And the people who have no other option but satellite isn't just limited to rural areas in the middle of nowhere. We live in a populated suburban area where most of the lots are about half an acre, only three houses from the main road which has cable service. The local cable company refused to wire our block unless we either get half the block to sign up for service our we personally pay for the run at $1000 per 100 feet, the latter option also meant that if we do that, there's no stopping our neighbors from signing up the day after it's installed and not having to pay thousands of dollars up front like we would have had to. DSL didn't become available until 2006, we're still limited to just 3mbps down/768kbps up, and Verizon has no plans to upgrade our area to newer technologies like ADSL2+ that would support 6mbps+.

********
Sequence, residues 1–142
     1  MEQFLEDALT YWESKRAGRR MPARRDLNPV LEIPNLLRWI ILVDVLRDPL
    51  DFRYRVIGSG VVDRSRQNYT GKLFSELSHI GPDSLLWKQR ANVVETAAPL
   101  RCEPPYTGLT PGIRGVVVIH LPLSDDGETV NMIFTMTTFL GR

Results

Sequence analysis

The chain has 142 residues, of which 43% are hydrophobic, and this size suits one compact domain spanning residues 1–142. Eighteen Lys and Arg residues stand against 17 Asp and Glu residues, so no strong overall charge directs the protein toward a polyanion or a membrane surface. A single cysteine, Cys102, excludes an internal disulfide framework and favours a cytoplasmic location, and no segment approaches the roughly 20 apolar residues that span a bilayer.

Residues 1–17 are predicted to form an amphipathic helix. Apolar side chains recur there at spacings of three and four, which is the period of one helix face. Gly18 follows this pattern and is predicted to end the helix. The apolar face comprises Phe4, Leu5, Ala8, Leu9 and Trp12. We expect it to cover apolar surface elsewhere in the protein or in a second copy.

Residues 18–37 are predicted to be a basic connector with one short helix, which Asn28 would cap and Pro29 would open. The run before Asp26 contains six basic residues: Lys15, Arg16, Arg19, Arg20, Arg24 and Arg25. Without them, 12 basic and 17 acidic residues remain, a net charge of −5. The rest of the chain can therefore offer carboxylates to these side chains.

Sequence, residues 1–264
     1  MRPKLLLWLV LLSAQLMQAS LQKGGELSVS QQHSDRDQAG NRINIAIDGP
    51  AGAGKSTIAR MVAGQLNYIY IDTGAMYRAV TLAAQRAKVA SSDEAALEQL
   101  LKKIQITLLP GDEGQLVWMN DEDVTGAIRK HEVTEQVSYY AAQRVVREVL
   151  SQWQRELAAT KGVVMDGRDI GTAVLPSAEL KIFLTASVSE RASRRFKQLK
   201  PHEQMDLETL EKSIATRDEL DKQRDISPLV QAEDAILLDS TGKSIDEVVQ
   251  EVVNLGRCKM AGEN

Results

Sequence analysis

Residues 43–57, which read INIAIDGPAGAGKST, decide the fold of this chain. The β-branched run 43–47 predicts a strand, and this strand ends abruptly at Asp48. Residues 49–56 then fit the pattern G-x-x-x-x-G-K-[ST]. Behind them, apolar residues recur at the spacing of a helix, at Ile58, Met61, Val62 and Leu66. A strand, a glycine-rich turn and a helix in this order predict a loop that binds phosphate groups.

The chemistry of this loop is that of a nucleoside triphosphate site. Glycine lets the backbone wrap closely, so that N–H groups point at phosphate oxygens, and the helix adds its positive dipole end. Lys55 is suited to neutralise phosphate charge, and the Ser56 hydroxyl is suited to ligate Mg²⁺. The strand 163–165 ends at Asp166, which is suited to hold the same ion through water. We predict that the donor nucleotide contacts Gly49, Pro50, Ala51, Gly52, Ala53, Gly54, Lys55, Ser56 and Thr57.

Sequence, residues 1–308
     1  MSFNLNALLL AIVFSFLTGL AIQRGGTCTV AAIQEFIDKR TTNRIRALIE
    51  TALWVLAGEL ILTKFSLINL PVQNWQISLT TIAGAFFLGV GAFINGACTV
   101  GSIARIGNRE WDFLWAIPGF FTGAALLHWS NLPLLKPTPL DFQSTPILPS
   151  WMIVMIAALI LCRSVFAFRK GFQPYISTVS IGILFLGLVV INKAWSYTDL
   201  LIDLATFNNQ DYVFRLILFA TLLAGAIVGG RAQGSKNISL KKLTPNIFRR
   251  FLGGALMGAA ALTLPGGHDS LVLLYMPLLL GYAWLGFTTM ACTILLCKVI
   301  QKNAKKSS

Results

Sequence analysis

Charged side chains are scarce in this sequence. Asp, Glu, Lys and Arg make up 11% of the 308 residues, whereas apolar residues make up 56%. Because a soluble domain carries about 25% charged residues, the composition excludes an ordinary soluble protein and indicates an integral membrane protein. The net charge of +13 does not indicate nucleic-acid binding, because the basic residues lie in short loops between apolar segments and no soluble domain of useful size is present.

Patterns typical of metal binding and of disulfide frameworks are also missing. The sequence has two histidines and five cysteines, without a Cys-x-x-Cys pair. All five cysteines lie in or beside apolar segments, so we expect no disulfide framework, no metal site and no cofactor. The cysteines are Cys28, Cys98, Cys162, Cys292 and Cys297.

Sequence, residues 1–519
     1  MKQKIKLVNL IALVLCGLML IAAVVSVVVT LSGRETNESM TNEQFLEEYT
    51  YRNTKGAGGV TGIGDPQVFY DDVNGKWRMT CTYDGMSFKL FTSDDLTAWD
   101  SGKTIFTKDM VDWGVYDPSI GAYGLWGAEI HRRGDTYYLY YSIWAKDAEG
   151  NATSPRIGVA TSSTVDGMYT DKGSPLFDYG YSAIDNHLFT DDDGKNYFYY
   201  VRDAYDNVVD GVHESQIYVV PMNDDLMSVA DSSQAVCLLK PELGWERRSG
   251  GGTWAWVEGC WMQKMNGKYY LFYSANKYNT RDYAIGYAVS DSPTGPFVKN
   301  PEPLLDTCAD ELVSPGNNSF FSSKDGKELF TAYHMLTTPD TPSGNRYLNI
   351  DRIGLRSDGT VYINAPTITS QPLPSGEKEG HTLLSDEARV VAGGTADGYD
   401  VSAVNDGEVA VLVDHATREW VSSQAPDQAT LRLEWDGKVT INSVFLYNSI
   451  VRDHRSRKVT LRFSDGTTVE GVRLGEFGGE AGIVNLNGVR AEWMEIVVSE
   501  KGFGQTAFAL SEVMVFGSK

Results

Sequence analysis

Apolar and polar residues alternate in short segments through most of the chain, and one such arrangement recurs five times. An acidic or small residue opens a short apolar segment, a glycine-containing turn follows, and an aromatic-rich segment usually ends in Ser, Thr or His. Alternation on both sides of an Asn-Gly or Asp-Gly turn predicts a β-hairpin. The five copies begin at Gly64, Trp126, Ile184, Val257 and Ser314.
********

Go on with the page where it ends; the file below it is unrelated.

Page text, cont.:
While 70%+ might have "broadband". All "broadband" is not created equal. Many can't get more than 1MB-3MB service in their area. And that is not just in rural areas. That might be sufficient for 1 SD stream, but what about homes that have multiple tvs? A large part of the 70% doesn't have access to the fast broadband necessary.
Of course when the cable company provided details to the FCC for their broadband map they just gave them their franchise area and didn't omit the multiple blocks they refuse to serve, so the map is full of false data for our area when it comes to what speeds are available.